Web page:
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How walking 10 minutes a day could help improve and prolong your life

Q. I have been a moderate runner for 40 years and managed to remain relatively unscathed with no major knee or joint problems and just have the beginning of an ache in my hip. Reassure me that walking is worthwhile. P.S. I am 75 years old. Many thanks. S.N.

Here is a two-step approach to your question. Step No. 1: Check out your hip ache with your physician. Step No. 2: Seriously consider walking.

As an age cohort, we are not doing so well in taking care of ourselves. According to the Centers for Disease Control, more than one in four adults age 50 and older do not engage in regular physical activity. That inactivity is highest in the south, followed by the Midwest, northeast and lowest in the west. Inactivity costs life quality and dollars. Those 50 and older account for $860 billion in healthcare costs annually. With physical activity, four out of five could prevent or manage their chronic conditions.

Here is an attention-grabbing New York Times headline: “Walking Just 10 Minutes a Day May Lead to a Longer Life” ( January 26, 2022). This is based on a recent study from the National Cancer Institute and Center for Disease Control revealing some extraordinary findings. Researchers asked 5,000 men and women between ages 40-85 to wear an activity monitor for a week and exercise an extra 10 minutes per day in addition to their current exercise. Developing several statistical “what if’s “scenarios, researchers checked for extra minutes of daily exercise and the number predicted to die prematurely. Ten minutes of additional exercise would result in avoiding over 111,000 deaths a year or seven percent of all annual deaths. An extra 30 minutes translated to just over 270,000 people who would avoid premature death a year or almost 17 percent of all typical annual deaths. (These are pre-pandemic numbers.) Note, walking counts as an exercise.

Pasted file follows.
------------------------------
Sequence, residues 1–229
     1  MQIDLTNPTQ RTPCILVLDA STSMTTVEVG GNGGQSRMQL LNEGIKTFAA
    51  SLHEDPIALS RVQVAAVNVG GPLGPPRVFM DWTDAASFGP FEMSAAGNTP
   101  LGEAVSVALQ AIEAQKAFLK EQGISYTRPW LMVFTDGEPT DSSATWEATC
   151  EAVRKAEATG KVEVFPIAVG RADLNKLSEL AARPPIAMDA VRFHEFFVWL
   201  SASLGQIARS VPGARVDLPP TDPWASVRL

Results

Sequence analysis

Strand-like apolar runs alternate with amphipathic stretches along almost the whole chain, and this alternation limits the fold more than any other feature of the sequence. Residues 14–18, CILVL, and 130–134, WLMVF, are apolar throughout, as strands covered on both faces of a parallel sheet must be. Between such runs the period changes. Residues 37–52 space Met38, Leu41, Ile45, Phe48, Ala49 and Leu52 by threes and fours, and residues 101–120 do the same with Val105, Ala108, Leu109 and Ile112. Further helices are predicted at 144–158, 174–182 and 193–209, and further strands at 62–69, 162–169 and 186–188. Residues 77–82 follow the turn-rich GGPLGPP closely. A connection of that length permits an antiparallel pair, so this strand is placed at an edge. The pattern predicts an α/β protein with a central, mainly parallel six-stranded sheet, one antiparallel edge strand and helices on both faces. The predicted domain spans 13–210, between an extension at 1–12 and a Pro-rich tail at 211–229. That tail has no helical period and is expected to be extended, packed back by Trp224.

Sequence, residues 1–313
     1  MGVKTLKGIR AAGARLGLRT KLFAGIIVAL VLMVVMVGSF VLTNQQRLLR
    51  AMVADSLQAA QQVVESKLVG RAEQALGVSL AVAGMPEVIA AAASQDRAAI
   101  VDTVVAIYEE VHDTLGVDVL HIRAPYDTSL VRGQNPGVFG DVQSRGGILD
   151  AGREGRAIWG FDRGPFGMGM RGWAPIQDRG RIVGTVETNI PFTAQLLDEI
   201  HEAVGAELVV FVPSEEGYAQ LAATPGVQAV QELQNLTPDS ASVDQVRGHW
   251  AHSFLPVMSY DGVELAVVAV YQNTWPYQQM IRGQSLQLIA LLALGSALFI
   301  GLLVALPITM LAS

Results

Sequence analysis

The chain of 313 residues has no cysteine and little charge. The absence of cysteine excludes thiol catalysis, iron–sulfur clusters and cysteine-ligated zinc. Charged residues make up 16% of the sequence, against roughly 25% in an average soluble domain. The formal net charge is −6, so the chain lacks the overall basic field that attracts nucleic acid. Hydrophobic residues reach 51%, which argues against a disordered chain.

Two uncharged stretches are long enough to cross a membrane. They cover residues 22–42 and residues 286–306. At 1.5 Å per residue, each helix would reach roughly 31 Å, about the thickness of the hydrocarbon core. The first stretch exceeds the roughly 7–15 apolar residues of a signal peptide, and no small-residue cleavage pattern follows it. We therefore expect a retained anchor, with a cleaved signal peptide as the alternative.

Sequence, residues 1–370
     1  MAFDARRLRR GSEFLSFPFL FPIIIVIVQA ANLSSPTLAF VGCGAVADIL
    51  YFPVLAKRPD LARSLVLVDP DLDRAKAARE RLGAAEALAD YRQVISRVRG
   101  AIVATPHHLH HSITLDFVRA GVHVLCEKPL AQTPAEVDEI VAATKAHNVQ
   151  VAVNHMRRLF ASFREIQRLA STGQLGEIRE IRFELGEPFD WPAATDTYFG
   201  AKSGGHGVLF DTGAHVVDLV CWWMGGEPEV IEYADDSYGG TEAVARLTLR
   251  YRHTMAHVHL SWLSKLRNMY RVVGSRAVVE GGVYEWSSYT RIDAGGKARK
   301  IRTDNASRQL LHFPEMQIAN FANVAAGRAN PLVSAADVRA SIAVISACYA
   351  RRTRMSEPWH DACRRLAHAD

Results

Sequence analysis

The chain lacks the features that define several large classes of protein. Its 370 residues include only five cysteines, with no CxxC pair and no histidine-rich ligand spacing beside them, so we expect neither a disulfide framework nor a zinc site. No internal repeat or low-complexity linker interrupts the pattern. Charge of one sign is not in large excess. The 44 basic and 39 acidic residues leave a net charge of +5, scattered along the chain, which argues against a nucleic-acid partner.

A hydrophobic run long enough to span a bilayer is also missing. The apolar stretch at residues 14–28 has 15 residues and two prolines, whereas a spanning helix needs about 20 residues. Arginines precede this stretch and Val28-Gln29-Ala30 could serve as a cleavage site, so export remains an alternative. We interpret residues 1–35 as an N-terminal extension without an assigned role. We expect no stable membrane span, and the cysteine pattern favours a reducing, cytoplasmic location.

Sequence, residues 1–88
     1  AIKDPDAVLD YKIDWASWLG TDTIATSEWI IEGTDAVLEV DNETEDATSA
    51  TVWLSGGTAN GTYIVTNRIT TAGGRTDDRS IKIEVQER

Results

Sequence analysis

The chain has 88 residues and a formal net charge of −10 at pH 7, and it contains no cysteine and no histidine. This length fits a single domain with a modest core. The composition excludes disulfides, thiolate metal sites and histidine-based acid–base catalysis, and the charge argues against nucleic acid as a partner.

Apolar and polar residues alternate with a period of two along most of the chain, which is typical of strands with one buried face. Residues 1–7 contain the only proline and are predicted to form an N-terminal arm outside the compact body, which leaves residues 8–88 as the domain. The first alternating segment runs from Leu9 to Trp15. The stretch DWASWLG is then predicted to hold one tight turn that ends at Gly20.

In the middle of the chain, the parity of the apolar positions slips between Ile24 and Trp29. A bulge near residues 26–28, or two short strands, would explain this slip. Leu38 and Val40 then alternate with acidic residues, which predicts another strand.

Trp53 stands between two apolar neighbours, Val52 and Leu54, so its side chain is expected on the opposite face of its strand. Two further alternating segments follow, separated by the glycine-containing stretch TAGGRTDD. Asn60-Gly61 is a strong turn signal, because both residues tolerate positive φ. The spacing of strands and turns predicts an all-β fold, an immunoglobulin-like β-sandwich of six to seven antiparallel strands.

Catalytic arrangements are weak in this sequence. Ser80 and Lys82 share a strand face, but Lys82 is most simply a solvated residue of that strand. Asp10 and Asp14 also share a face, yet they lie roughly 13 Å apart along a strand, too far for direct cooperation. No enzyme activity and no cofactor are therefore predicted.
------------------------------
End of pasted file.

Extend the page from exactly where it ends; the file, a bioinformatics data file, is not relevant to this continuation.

Here are a few additional findings that support the role of exercise and activity as referenced in the New York Times article.

• More than eight percent of all deaths in the U.S. are attributed to “inadequate levels of activity” according to a telling 2019 study published by the Centers for Disease Control and Prevention.

• Men and women who exercised for at least 150 minutes per week, reduced their risk of premature death by at least 25 percent compared to people who exercise less according to a British study from 2015.

• Among sedentary participants, about 260 percent were more likely to die prematurely compared to those who exercise 30 minutes a day as reported in the British Journals of Medicine.

Couches have become the center of the universe and are often referred to as the quarantine companion and new best friend. They have become the go-to place to binge-watch on Netflix, read a book, complete office work, take a nap or have a pizza.

How can we get off the sofa and get motivated to take that extra 10-minute daily walk?

• Consider walking with a friend.

• Make it a meditation walk focusing on what you see, smell, observe and hear and breathe.

• Take your dog for a walk.

• Explore your neighborhood as though your walk is a first-time visit.

• Say hello to your neighbors.

• Count the number of different flowers you see.

• Think of yourself as having a chance of a lifetime; since that may just be the case.

Here are some practical reminders. Wear supportive shoes; avoid wearing ear pods so you can be alert to sounds of oncoming cars, skateboards and scooters. If it is dawn or dusk, wear something white or iridescent.

We know that physical activity also adds to our overall health, fitness and quality of life. It helps reduce the risk of chronic conditions like type 2 diabetes, heart disease, many types of cancer, depression and anxiety and even dementia, according to the Center for Disease Control. Of course, there are no guarantees since you still need to wear your seat belt.

Remember: Over the coming years, a little extra physical activity by each of us could potentially prevent hundreds of thousands of premature deaths.

S.N., thank you for your good question. As a former runner, I can relate to your question. Have wonderful walks, stay well and be kind to yourself and others.

Helen Dennis is a nationally recognized leader on issues of aging, employment and the new retirement with academic, corporate and nonprofit experience. Contact Helen with your questions and comments at Visit Helen at and follow her on


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